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I've used the Sherwin Williams fan deck throughout my painting career to help my customers choose paint colors for their projects and my own. With a little over two thousand colors to choose from, the fan deck isn't short of color options. Having used so many of their colors over the past twenty years, as well as colors by competing paint brands, the selection Sherwin Williams offers is, by far, my favorite.
The design of the new fan deck is different than the old one that I was accustomed to. Similar to the one by Benjamin Moore, the color swatches are now pulled out of the deck from either side, unlike the older one where you had to stuff all of the color cards back into the connected plastic case, which was actually a little annoying. This also caused the edges of the cards to become damaged easier.
The new one is also shorter in length and consumes less space, and the rounded edges of the sample cards don't curl as easily as the old ones did. The new version also includes two plastic bands, similar to rubber bands, that hold the cards together when not in use. I definitely like the design and durability of the new fan deck more than the old one.
All of the paint colors in the previous fan deck, the black one, were organized according to numbers to make locating them easier. For example, when my customer texts me with the numbers of the paint colors they chose, I'm able to find them quickly in my old fan deck, but with the new one, only a little over half of the colors are in numerical order.
All of the colors in the sections Timeless and Whites and Pastels, are out of numerical order, as well as a good portion of the grays. This isn't a huge deal, but I feel like Sherwin Williams should have kept everything in order considering many of us who are familiar with the color numbers look them up that way.
The new deck includes the Historic Colors, which weren't included with the old one, but HG TV colors aren't included. There might be some HG TV colors available in the deck, but not a dedicated section for them.
I'll share some of the most popular Sherwin Williams colors that I've used for interior painting of walls. The current trend, as of this writing, is painting walls with gray, or greige (gray beige). In the past, tan and brown were popular, but not currently.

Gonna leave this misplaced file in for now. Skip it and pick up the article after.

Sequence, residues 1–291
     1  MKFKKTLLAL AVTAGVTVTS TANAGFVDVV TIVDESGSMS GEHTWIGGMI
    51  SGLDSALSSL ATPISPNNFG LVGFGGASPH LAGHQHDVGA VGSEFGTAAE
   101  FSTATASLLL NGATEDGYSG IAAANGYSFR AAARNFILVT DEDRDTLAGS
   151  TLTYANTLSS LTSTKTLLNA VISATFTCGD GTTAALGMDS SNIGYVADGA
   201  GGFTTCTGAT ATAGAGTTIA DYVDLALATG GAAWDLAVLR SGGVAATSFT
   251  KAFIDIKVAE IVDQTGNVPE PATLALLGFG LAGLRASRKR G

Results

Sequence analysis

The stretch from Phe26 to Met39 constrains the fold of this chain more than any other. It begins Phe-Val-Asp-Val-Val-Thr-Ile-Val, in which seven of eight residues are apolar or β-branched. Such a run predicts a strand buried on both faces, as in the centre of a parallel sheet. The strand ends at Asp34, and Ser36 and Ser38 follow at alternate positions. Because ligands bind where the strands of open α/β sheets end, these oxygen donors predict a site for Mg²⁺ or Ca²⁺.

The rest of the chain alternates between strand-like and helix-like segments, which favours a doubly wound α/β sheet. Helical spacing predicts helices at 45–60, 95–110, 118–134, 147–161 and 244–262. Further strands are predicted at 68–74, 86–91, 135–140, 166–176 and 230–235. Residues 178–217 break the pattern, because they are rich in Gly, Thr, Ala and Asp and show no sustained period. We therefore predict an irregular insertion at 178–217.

All of these colors are available in the Sherwin Williams fan deck.
I've painted the interior of many homes in Repose Gray and it's my personal favorite of the grays. This color looks really nice on kitchen walls with white painted cabinets. Repose Gray is a warmer gray with very little brown undertone. The color is a lighter gray that will brighten up your walls if the room lacks natural light.
Another popular color is Dorian Gray, a colors two shades darker than its cousin Repose Gray, on the same color card. This color has more of a greige undertone, and although it's a tad darker, it's still a warm color. Being a little darker, this gray accentuates white trim and doors better.
Mindful Gray (SW 7016)
Mindful Gray is a mid-tone, located in between the previous two colors on the swatch. Depending on the lighting, this one casts a very subtle purple, or bluish, undertone. This color can also look slightly green when used on walls in a room with unpainted wood trim, but not in rooms with white trim.
Agreeable Gray (SW 7029)
Agreeable Gray is a popular greige I've worked with a lot. It has a higher light reflective value, so if you want to brighten up your living space, it's a good choice. Agreeable Gray is a warmer greige, even warmer than the popular color Revere Pewter by Benjamin Moore.
If you're a homeowner looking to paint your home, the Sherwin Williams fan deck is a very useful tool to keep around the house, instead of having to make frequent trips to the paint store to look at color swatches. I own several fan decks from various paint brands. Having all of the color samples at my disposal comes in handy when I need to compare colors, or do a color match for a customer.
The redesign of the new fan deck is more durable than the old one, as I explained in the beginning of the article. My only minor complaint is that some of the colors aren't organized in numerical order, but the deck does include hundreds of the historic colors that weren't available before.
© 2019 Matt G.